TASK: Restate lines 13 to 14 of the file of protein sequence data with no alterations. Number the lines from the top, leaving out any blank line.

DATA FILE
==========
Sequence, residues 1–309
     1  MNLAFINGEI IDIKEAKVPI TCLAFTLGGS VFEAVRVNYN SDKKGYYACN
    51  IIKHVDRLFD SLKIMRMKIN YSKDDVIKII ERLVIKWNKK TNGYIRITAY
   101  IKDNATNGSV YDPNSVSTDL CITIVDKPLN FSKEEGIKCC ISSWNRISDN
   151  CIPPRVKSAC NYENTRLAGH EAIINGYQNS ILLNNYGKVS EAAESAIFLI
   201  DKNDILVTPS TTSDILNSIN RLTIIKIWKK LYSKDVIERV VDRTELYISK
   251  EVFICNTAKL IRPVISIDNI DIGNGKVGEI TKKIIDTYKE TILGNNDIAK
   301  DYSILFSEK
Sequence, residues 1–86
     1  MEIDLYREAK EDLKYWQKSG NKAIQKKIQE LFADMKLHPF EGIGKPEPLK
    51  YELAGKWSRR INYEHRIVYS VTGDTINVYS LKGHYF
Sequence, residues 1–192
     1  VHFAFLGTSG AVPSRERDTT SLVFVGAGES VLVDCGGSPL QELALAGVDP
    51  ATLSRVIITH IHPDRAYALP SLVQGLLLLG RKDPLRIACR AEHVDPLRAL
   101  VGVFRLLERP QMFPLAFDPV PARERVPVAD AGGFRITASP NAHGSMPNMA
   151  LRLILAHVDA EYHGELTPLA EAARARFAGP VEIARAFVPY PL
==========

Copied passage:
     1  VHFAFLGTSG AVPSRERDTT SLVFVGAGES VLVDCGGSPL QELALAGVDP
    51  ATLSRVIITH IHPDRAYALP SLVQGLLLLG RKDPLRIACR AEHVDPLRAL